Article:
Iraq’s Political Woes Could Put Iran on the Defensive

Oct. 21 2022

Besides exerting de-facto control over Lebanon and much of Yemen, and commanding a great deal of influence in Syria, the Islamic Republic has established itself as a major player in Iraq, where its Shiite militias wield considerable power—as do a number of pro-Iranian politicians. But Baghdad now seems to be coming out of several months of political deadlock, and how the current crisis is resolved may determine whether Tehran is able to hold on to the influence it has acquired. Munqith Dagher explains:

On October 13, Iraqis woke to the sound of nine Katyusha rockets falling on the Green Zone before the special session of parliament that was to be held to select the new Iraqi president. But these rockets were no celebratory shots marking a breakthrough one year after the last Iraqi elections. Although security forces blocked all the roads leading to the Green Zone in order to prevent any demonstrators, they still failed to stop [pro-Iranian] armed factions from expressing their unhappiness about the election of Abdul Latif Rashid to the office of Iraq’s fourth president since the fall of the regime in 2003.

The question now is whether the October Movement—which takes its name from the popular uprising against Iranian influence that began in the southern part of the country in October 2019—will be able to exert political power:

The October Movement, which forced the former prime minister Adil Abdul-Mahdi to resign [in 2019], has now lost much of its momentum as a result of being a main target for disinformation and physical attacks from militias and pro-Iranian forces in Iraq. Ideological conflicts and leadership disputes within the movement as well as clashes with the [followers of the powerful Shiite, but not reliably pro-Iranian, cleric Muqtada al-Sadr] also led to the splintering of these forces and further loss of momentum.

Nevertheless, although the movement has lost much of its energy, its ideas remain firmly planted in the minds of most Iraqis, especially the youth. The memory of what was achieved in 2019-2020 remains present for everyday Iraqis and continues to frighten political parties in power. Although the number who went out into the streets on the third anniversary of the October uprising was smaller than expected, there were calls for broader action and it is still possible that a larger demonstration could be organized for October 25.

The choice of Mohammed Shia al-Sudani as prime minister—a politician who had previously been nominated by pro-Iranian forces during the October uprising and whom the October Movement had previously opposed due to his close ties to [pro-Iranian politicians]—will pose a new challenge to the will of the October Movement. It remains to be seen whether these events will prompt youth in Baghdad and southern Iraq to protest further against the regime.

Read more at Washington Institute for Near East Policy

More about: Iran, Iraq, Middle East

The U.S. Is Trying to Seduce Israel into Accepting a Bad Deal with Iran. Israel Should Say No

Last week, the International Atomic Energy Agency (IAEA) released its quarterly report on the Iranian nuclear program. According to an analysis by the Institute for Science and International Security, the Islamic Republic can now produce enough weapons-grade uranium to manufacture “five nuclear weapons in one month, seven in two months, and a total of eight in three months.” The IAEA also has reason to believe that Tehran has further nuclear capabilities that it has successfully hidden from inspectors. David M. Weinberg is concerned about Washington’s response:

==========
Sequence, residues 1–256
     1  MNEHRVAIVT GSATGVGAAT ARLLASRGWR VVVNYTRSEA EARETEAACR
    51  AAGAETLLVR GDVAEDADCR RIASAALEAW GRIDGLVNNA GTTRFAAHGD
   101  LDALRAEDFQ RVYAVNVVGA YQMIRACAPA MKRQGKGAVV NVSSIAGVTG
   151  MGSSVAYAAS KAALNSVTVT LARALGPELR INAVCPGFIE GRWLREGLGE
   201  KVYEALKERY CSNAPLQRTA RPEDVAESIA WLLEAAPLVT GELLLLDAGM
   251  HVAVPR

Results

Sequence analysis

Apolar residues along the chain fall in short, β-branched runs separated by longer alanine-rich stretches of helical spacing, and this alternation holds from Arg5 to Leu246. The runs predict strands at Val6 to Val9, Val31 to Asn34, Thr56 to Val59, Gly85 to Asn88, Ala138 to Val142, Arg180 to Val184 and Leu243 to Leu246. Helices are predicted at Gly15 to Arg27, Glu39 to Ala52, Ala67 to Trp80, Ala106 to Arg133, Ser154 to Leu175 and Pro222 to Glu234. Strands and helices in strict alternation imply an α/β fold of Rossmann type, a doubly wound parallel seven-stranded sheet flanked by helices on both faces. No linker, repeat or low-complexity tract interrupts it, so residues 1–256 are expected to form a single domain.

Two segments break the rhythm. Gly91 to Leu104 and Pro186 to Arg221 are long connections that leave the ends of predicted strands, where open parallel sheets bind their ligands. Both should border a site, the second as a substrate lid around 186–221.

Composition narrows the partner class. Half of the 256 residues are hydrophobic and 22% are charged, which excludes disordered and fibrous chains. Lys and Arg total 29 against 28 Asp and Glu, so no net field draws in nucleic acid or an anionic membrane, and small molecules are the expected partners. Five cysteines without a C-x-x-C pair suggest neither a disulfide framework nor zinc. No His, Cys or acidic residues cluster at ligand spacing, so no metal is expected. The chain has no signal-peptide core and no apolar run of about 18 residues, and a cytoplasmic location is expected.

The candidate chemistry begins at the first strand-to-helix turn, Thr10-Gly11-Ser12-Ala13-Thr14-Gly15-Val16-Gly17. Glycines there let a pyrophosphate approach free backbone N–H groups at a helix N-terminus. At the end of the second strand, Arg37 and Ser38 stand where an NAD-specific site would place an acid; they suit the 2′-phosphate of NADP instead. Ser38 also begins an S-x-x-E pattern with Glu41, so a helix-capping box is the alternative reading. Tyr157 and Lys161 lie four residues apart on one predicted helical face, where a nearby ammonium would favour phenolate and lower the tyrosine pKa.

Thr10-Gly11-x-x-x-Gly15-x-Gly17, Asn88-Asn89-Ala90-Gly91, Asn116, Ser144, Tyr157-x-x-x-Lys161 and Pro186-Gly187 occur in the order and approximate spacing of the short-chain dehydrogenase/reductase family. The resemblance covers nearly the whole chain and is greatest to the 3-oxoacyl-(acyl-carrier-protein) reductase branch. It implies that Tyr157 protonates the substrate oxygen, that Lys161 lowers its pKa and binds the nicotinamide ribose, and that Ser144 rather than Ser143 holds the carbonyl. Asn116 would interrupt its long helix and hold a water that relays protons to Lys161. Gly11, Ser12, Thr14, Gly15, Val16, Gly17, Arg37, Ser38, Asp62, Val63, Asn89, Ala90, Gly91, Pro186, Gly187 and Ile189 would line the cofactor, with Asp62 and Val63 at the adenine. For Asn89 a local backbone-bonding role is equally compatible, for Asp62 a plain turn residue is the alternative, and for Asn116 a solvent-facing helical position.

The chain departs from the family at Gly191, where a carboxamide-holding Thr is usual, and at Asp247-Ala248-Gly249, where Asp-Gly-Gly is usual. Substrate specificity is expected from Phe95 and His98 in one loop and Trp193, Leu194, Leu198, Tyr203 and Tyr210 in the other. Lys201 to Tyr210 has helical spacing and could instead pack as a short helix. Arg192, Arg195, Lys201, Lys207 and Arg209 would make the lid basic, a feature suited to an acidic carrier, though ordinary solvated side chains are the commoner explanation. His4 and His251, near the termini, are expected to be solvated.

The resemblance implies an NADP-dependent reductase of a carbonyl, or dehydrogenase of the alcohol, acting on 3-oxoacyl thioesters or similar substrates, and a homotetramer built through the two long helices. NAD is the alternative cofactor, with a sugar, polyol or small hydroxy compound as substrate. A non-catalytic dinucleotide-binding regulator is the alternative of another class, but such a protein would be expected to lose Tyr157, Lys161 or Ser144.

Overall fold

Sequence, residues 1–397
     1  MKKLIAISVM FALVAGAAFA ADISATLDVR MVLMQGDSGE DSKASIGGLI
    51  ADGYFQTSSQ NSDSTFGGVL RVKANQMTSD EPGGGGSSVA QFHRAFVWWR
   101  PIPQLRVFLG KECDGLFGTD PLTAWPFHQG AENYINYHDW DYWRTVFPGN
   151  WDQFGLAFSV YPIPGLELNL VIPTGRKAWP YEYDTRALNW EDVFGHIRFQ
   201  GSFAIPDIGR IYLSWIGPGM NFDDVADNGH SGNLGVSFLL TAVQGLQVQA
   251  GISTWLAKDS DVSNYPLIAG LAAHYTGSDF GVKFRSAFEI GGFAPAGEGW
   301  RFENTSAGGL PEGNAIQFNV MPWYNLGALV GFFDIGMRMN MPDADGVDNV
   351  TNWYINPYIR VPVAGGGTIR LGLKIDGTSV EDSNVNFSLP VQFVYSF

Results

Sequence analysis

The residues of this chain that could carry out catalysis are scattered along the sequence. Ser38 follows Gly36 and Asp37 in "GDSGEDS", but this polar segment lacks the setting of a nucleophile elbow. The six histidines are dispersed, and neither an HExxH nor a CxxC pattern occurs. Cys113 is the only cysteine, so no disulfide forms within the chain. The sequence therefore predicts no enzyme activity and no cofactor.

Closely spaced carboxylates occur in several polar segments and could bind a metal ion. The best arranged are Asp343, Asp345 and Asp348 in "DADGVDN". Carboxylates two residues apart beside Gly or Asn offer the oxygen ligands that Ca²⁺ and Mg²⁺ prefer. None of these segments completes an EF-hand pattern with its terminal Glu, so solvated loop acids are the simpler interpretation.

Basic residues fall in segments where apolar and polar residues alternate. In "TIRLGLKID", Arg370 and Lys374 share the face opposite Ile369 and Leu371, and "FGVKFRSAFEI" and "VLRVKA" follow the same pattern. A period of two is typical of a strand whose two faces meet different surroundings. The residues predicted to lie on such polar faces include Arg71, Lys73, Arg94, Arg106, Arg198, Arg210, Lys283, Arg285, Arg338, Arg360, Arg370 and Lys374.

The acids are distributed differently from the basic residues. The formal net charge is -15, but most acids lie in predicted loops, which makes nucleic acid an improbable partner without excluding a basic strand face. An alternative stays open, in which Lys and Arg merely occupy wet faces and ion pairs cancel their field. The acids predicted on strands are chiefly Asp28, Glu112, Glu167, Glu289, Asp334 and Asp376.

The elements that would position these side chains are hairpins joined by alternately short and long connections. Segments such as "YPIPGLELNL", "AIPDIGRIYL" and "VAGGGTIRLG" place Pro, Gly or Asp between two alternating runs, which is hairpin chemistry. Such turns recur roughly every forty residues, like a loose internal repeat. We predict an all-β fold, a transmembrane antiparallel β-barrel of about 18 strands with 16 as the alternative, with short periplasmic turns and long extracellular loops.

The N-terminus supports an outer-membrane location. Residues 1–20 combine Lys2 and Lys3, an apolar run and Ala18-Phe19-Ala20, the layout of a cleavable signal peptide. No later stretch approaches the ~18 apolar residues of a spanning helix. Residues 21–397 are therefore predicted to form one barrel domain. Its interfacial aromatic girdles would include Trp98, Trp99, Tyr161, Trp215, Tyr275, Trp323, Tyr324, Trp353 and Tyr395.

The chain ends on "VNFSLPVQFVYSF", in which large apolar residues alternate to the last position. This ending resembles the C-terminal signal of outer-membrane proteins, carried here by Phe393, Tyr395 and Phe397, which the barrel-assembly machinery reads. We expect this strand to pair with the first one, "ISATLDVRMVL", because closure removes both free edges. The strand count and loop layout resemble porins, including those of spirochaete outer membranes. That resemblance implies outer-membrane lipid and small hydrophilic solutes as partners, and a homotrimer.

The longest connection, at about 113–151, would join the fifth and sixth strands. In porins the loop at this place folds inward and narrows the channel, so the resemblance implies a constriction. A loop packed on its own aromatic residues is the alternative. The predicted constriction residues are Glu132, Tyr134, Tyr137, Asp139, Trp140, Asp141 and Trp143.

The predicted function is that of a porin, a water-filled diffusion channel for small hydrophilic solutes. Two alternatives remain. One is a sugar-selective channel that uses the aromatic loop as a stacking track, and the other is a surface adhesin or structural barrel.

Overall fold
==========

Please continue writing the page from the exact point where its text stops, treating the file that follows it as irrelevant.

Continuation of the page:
Believe it or not, the Biden administration apparently is once again offering the mullahs of Tehran a sweetheart deal: the release of $10 billion or more in frozen Iranian assets and clemency for Iran’s near-breakout nuclear advances of recent years, in exchange for Iranian release of American hostages and warmed-over pious Iranian pledges to freeze the Shiite atomic-bomb program.

This month, intelligence photos showed Iran again digging tunnels at its Natanz nuclear site—supposedly deep enough to withstand an American or Israeli military strike. This tells us that Iran has something to hide, a clear sign that it has not given up on its quest for a nuclear bomb.

Meanwhile, Antony Blinken today completes a three-day visit to Saudi Arabia, where he is reportedly pressing the kingdom to enter the Abraham Accords. This is no coincidence, for reasons Weinberg explains:

Washington expects Israeli acquiescence in the emerging U.S. surrender to Iran in exchange for a series of other things important to Israel. These include U.S. backing for Israel against escalated Palestinian assaults expected this fall in UN forums, toning down U.S. criticism regarding settlement and security matters (at a time when the IDF is going to have to intensify its anti-terrorist operations in Judea and Samaria), an easing of U.S. pressures on Israel in connection with domestic matters (like judicial reform), a warm Washington visit for Prime Minister Netanyahu (which is not just a political concession but is rather critical to Israel’s overall deterrent posture), and most of all, significant American moves towards reconciliation with Saudi Arabia (which is critical to driving a breakthrough in Israeli-Saudi ties).

[But] even an expensive package of U.S. “concessions” to Saudi Arabia will not truly compensate for U.S. capitulation to Iran (something we know from experience will only embolden the hegemonic ambitions of the mullahs). And this capitulation will make it more difficult for the Saudis to embrace Israel publicly.

Read more at Israel Hayom

More about: Antony Blinken, Iran nuclear program, Israeli Security, Saudi Arabia, U.S.-Israel relationship